After One Year, the Inflation Reduction Act is Spurring Private Investments in the Electric Vehicle Industry

Contact: Noah Barnes, (202) 461-2371

WASHINGTON—One year ago, on August 16, 2022, President Biden signed the Inflation Reduction Act (IRA), creating generational levels of investment in transportation electrification and a seismic shift in the future of transportation.

The IRA is spurring billions in investments in manufacturing and supply chains, creating stronger economies for communities across America, including rural, tribal, and disadvantaged communities, and continuing our nation’s leadership in the global automotive sector. IRA investments cross political boundaries, benefitting red and blue states, and put resources in the hands of local decision-makers, who are taking action and passing state and local policies aligning with these federal investments.

One year after President Biden signed the IRA, we are seeing greater numbers of EV models available on the market, rapidly growing charging infrastructure, an increasing number of electric medium- and heavy-duty vehicles, and additional manufacturing of vehicles, batteries, and charging equipment.

A recent report identified over $120 billion in private investments, which will require hiring American workers to build a domestic EV supply chain. Nearly 60,000 jobs have been announced since the IRA was signed just one year ago.

“The Inflation Reduction Act has secured billions of dollars for the electric vehicle industry, expanding clean energy efforts and manufacturing jobs in the U.S.,” said Brian Robb, government relations director with Lion Electric. “As a result of these investments and commitments, this summer Lion Electric officially opened its 900,000 square-foot Joliet, Illinois facility – the largest, all-electric U.S. plant dedicated to medium and heavy-duty commercial vehicle production. At full scale, the plant will have an estimated production capacity of 20,000 vehicles per year in a combination of both zero-emission school buses and electric trucks, which the company expects will lead to nearly 1,400 skilled workers.”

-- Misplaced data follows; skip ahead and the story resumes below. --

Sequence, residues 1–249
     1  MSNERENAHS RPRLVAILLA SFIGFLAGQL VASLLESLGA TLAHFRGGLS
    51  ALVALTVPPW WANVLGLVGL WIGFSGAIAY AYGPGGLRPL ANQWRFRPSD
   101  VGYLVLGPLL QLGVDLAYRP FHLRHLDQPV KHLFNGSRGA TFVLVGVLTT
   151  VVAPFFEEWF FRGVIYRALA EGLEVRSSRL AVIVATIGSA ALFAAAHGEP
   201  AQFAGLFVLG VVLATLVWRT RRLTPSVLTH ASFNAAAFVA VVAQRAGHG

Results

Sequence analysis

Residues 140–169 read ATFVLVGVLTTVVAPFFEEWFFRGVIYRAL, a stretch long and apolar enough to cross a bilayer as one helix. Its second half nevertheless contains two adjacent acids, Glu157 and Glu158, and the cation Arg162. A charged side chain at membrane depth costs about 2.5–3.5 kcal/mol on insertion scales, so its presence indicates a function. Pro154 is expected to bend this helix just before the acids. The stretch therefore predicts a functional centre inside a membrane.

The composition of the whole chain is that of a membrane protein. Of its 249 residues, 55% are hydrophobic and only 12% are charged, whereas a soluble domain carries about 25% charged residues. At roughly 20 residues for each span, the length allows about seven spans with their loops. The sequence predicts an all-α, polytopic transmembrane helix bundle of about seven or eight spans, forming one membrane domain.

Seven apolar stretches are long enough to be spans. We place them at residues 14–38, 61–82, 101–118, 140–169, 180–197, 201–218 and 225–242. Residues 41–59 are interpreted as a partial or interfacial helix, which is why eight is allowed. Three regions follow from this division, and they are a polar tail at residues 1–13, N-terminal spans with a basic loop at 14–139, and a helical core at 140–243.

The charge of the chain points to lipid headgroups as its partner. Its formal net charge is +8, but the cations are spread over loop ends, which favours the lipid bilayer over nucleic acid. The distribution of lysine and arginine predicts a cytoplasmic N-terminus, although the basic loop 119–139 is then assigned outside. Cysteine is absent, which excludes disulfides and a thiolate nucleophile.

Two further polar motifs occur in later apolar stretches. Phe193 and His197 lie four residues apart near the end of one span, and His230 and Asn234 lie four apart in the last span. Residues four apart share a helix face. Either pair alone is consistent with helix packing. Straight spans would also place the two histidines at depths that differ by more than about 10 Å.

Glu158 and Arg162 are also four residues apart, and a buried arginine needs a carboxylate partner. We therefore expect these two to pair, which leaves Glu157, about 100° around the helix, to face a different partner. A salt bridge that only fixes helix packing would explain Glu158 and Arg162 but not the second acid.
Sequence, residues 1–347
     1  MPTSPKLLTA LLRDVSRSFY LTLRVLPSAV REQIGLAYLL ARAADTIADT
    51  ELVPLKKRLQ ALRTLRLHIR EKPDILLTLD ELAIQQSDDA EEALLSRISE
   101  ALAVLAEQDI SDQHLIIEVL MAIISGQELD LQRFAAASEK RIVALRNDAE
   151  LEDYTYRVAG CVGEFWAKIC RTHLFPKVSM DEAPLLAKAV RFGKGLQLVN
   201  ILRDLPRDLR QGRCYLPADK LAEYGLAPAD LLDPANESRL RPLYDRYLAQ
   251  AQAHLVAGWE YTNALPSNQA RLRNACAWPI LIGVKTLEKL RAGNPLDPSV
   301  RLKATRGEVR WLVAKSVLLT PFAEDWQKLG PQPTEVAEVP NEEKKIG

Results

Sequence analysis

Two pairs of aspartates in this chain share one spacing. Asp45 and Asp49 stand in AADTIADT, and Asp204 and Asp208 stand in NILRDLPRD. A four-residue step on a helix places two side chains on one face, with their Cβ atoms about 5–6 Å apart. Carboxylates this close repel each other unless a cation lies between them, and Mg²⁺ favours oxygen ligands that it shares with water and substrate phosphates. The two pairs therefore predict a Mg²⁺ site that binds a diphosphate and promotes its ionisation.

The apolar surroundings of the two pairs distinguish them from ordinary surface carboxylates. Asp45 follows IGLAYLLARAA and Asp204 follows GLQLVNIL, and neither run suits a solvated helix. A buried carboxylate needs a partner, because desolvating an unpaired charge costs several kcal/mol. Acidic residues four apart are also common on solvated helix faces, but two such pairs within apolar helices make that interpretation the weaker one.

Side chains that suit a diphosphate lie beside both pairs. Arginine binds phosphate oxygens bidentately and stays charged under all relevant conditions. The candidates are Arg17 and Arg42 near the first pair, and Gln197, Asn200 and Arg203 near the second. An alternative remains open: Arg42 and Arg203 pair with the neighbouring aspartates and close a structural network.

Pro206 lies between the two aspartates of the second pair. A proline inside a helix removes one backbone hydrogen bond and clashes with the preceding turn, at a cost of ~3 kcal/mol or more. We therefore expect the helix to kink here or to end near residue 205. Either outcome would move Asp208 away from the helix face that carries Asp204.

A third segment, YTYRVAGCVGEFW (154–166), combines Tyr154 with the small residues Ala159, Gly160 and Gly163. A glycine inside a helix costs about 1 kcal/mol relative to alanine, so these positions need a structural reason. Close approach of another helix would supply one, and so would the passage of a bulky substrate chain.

Additional investments include:

  • Rivian is investing $5 billion and creating 7,500 jobs in Georgia.
  • Hyundai and SK On are investing $5 billion and creating 3,500 jobs in Bartow County, Georgia.
  • Hyundai and LG are investing $4.3 billion and creating 3,000 jobs to build EV batteries in Southeast Georgia.
  • Toyota will manufacture batteries in North Carolina, investing $3.8 billion and creating 2,100 jobs.
  • Tesla is investing $3.6 billion and creating 3,000 jobs in Sparks, NV.
  • Redwood Materials is investing $3.5 billion and creating 1,500 jobs at a battery recycling plant in Reno, NV.
  • GM and Samsung are investing $3 billion and creating 1,700 jobs at a battery plant in New Carlisle, IN.
  • Norwegian company Freyr is accelerating its $2.6 billion investment in battery manufacturing in Georgia. Freyr CEO Tom Jensen said that IRA incentives have made U.S. production three times as profitable as in the company’s home country of Norway.
  • Stellantis and Samsung are investing $2.5 billion and creating 1,500 jobs in Kokomo, IN.
  • Gotion is investing $2.36 billion and creating 2,350 jobs in Big Rapids, MI, to manufacture EV batteries.
  • Scout Motors is investing $2 billion and creating 4,000 jobs in Columbia, SC.
  • Our Next Energy is investing $1.6 billion and creating 2,112 jobs in Van Buren Township, MI to manufacture EV batteries.